Many studies have demonstrated that ROS and cytotoxin would significantly increase under osmotic conditions, which would induce cellular damage in plants. To prevent the damages, plants have generated many plant protection systems to remove ROS and cytotoxins. Here, we found that the proteins involved in ROS scavenging and detoxifying were up-regulated, except some peroxidase.
Glutathione (GSH) has multiple functions, such as antioxidant and detoxification, in plants (Noctor et al., 2012). The ROS would be continuous eliminated by GSH-GSSH (Glutathione disulfide) cycle in organism, which depends on glutathione reductase and glutathione peroxidase. And GSTs, which could be induced through different biotic and abiotic stresses, would protect organisms against oxidative damage and lipid peroxidation, and catalyze the conjugation of electrophilic substrates and glutathione to eliminate cytotoxic substrates (Marrs, 1996; Chen et al., 2012; Yang et al., 2001). In the present study, one glutathione reductase and one glutathione peroxidase were found to be up-regulated (Fig. 3), indicating that GSH-GSSH cycle was more active to maintain ROS balance, under osmotic stress. And eight GSTs were also up-regulated to detoxify harmful materials and maintain cell redox homeostasis in plants under osmotic stress (Fig. 3). In addition, one glutamate-cysteine ligase, which catalyzes the first and rate-limiting step of glutathione biosynthesis, was up-regulated (Fig. 3). All these results showed that glutathione system played important roles in protecting organism from damage caused by osmotic stress in wheat roots.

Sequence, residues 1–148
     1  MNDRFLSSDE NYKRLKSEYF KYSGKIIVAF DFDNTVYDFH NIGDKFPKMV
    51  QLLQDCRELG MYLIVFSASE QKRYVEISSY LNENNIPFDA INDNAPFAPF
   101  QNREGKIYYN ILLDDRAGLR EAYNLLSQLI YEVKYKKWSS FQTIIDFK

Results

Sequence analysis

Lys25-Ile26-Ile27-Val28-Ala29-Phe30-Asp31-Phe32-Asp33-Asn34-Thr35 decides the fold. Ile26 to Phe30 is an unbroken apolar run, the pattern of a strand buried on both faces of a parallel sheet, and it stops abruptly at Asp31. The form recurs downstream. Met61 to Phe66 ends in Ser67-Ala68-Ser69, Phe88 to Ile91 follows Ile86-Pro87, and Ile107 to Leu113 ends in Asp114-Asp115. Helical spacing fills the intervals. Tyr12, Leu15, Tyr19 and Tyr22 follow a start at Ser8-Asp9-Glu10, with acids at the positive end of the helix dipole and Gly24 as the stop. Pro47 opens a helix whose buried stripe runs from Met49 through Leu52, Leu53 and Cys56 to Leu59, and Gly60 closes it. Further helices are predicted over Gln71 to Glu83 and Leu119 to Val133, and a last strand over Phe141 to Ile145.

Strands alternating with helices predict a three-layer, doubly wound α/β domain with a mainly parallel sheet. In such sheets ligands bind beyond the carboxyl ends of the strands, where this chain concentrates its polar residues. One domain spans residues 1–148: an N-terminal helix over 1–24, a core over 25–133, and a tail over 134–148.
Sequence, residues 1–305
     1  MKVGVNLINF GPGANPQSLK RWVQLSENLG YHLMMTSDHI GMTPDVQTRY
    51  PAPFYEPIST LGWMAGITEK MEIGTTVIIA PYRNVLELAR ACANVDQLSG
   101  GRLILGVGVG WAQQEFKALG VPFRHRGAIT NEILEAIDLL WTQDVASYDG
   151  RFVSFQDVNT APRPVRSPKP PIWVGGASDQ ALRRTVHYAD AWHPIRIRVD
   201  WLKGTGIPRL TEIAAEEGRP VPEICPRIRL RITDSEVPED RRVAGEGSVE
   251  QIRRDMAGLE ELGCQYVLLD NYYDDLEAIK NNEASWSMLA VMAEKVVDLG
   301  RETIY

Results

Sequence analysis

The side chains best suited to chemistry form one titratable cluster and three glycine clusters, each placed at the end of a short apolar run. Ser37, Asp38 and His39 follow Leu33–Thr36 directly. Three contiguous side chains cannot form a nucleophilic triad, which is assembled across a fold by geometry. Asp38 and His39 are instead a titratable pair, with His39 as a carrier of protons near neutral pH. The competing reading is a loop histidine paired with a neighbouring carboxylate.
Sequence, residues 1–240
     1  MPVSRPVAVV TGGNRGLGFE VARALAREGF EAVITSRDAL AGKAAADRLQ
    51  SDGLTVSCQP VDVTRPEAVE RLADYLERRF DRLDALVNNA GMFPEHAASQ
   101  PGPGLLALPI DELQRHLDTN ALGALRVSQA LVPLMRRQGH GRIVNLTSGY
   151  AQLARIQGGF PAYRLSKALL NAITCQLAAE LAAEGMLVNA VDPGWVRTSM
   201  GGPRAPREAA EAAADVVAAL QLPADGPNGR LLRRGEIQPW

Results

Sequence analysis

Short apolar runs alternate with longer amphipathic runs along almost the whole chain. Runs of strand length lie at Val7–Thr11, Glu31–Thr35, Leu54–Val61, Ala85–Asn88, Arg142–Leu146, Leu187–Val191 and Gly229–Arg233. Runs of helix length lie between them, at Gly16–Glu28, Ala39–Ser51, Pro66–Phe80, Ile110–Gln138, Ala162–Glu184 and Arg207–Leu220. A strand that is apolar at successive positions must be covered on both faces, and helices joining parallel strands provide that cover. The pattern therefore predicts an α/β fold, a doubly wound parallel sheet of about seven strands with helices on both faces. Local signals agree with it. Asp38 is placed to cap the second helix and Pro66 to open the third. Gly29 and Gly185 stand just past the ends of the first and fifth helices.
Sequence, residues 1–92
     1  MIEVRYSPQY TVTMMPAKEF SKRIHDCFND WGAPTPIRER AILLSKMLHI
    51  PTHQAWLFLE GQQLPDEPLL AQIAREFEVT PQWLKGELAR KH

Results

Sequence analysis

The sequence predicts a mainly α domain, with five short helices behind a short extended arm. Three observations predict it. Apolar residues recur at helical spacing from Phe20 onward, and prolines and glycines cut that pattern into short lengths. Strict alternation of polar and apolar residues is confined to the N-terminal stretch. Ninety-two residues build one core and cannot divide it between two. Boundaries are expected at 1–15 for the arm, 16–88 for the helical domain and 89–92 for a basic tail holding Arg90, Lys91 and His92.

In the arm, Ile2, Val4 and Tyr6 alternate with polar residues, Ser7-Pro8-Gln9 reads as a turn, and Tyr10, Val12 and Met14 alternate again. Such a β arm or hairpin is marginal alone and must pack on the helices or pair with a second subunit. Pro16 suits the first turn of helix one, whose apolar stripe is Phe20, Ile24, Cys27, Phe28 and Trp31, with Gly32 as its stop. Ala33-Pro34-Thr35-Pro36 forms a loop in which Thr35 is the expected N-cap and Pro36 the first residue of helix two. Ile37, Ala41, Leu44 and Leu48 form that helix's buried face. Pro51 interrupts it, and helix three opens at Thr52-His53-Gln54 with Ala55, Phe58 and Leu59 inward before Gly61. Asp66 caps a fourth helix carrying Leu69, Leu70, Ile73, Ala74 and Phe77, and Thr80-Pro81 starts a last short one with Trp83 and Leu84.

To better understand the evolutionary relationships of these GSTs, an unrooted phylogenetic tree, including AtGSTs and these eight GSTs, was constructed. We identified two GSTs belonging to the Phi family, two GSTs belonging to the Lambda family and four GSTs belonging to the Tau family (Fig. 4). Most GSTs are Phi or Tau, which are plant-specific GSTs and the major phase II enzymes in a common detoxification pathway (Frova, 2003). Transgenic plants over-expressing Tau or Phi GSTs showed high tolerance to herbicides, salt and UV radiation (Karavangeli et al., 2005; Benekos et al., 2010; Jha, Sharma & Mishra, 2011). These results indicate that glutathione play an important role in the detoxification of cytotoxin under osmotic stress in wheat.
In addition, many other DEPs associated with redox reactions, such as reductase and oxidase, were observed under osmotic stress.
Other osmotic resistance proteins
In addition to the proteins mentioned above, twenty DEPs with known functions were also found in this proteome analysis. nine of these DEPs were down-regulated under osmotic stress, including cysteine proteinase inhibitor, adenylate kinase etc. Eleven of these DEPs were up-regulated under osmotic stress, including ATP synthase subunit alpha, Wali7 protein etc.
In the present study, we used iTRAQ to comprehensively study the protein expression profile in the root of wheat under osmotic stress. A total of 2,228 expressed proteins were identified. Among these, 81 were DEPs associated with protein metabolism, carbohydrate metabolism, phytohormones, plant protection system and other functions. These findings help clarify the response to osmotic stress in wheat and provide additional information for future studies of the mechanism of osmotic resistance in wheat.